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AI: how Einstein enhances online customer experience in Italy
November 15, 2023

Carrefour Italy has transformed its e-commerce experience through Salesforce Einstein. This isn’t about the famous physicist but a cutting-edge tech solution. The real magic? Salesforce Einstein’s ability to personalize the customer experience using data & AI. Discover the behind-the-scenes of Carrefour’s approach.

Three years ago, Carrefour Italy ecommerce website was experiencing a 10-fold increase in traffic during the first wave of the pandemic… that couldn’t be handled at that time. Three years later, Carrefour Italy is now announcing an improved online customer experience thanks to artificial intelligence powered by Einstein. It’s not the Albert we all know, but it’s a technology provided by our partner Salesforce.

What happened during the last three years is Carrefour teamed up with Salesforce to implement “Commerce cloud” in Italy. This new technology stack offers a scalable, flexible and secure ecommerce platform. More importantly, since then Carrefour Italy has offered online shoppers an intuitive user-interface, enhanced search, and new payment methods such as vouchers, gift cards, and subscription models… But what about going further and personalizing the customer experience? That’s precisely what Salesforce Einstein does.

Italian market insights and beyond

Since 2022, AI’s use has strongly accelerated in Italy. Nowadays, 61% of large Italian companies have initiated at least one project in this field, according to Among these companies, 42% have multiple operational AI projects, showcasing how AI is becoming an integral part of companies’ strategies and operational practices.

Let’s now go with an additional turn of the screw: With generative AI, new use cases are emerging everywhere at a mind-blowing pace. Let’s just pick a ‘random’ example with Carrefour’s GenAI initiatives 😉 In Carrefour France, we have for instance launched “Hopla”, our ChatGPT-based chatbot on Hosting friends this Friday, with one being vegetarian and another peanut-allergic? Hopla recommends a recipe and lets you add the ingredients to your cart. Also, there is the “Carrefour Marketing Studio”, powered by Google Vertex AI, for swift social media campaign generation.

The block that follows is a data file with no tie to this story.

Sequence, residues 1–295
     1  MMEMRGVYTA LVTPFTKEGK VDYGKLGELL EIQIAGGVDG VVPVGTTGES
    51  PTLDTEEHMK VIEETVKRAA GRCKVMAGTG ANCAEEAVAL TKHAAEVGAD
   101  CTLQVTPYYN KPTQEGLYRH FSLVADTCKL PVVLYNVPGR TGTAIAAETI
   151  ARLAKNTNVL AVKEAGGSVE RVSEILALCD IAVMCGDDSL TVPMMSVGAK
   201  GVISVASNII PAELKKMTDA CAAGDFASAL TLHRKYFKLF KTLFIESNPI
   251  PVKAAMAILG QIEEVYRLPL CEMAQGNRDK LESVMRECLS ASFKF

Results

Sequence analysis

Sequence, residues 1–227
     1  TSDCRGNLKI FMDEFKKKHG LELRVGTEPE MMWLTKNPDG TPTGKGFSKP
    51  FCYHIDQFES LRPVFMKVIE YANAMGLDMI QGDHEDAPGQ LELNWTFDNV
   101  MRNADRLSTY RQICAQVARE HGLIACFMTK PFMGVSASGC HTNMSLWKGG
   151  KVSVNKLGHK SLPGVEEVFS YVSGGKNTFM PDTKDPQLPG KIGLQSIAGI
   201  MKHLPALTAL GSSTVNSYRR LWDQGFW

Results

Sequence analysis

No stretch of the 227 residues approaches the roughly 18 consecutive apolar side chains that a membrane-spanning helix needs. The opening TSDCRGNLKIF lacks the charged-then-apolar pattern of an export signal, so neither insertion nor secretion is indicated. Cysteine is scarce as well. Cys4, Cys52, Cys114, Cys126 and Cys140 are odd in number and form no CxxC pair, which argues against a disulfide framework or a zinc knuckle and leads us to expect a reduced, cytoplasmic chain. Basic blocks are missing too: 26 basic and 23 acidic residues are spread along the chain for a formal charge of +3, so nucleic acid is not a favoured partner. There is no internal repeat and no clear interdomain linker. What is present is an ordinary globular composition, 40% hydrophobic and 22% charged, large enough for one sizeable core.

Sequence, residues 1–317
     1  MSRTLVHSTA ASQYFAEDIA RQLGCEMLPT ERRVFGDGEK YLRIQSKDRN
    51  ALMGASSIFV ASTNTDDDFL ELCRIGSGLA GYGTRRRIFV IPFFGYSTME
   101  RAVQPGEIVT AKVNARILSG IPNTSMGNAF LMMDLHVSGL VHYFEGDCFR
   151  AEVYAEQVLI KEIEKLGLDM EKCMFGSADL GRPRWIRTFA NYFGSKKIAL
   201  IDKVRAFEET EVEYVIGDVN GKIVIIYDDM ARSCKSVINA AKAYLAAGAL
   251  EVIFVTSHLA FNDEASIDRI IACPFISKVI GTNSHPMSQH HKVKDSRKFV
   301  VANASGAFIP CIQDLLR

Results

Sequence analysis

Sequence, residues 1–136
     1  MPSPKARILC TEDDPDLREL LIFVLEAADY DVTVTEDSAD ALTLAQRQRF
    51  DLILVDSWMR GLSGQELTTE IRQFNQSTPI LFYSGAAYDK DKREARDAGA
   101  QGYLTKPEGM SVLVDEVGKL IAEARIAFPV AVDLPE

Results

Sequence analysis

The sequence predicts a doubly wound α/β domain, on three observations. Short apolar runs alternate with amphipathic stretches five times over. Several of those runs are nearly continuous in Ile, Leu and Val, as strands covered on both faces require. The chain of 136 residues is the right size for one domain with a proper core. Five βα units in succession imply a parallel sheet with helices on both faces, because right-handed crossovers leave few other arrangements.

Hopla, a service powered by GenAI on & Salesforce Einstein: powering data-driven e-commerce

What is Einstein? It is an integrated set of AI technologies, embedded in their customer management suite. Einstein includes a wide range of technologies, including machine learning, natural language processing (NLP), and data analysis. The primary goal of Einstein is to help companies like Carrefour make the most of available data and become data-driven, uncover hidden insights, provide predictions and recommendations. 

These predictive capabilities are integrated directly into Carrefour’s applications, allowing for personalized and anticipatory actions while automating tasks to offer Carrefour customers a better shopping experience and boost their engagement with more relevant content. Moreover, Einstein also enables up-selling and cross-selling opportunities by showcasing complementary items. 

That’s what we did on the website. AI assists Carrefour merchandisers in eliminating guesswork, providing constant commerce insights essential for maximizing conversions. We’ll come back to this, but first, let’s take a look under the hood and see how Einstein works.

Decoding Einstein: how personalized recommendations work

Recommendations and strategies

Einstein algorithm is capturing customer characteristics, learning from the actions they take, and ultimately suggesting products that they might be genuinely interested in. The algorithm takes into account the device, the operating system in use, and whether the customer is new or not. As a result, different customers may see equally diverse recommendations at the same time.

With Einstein, we can establish various product recommendations and strategies. Depending on the recommendation type, different strategies can be implemented. Currently, our most commonly used for our references are:

  • Customers who bought also bought
  • Real-time personalized
  • Customers who viewed ultimately bought
  • Recent most viewed
  • Recent top sellers

Recommendations’ rules

After determining the strategies and their importance, we establish the rules. For each recommendation, up to 30 rules can be formulated and applied. Every rule specifies an action that determines how to display, hide, or rearrange matching items within the recommendation list. Watch out not to set conflicting rules when configuring them. For instance, don’t have rules that both show and hide the same product items or that promote and “demote” the same products simultaneously. There are four available rule actions to select: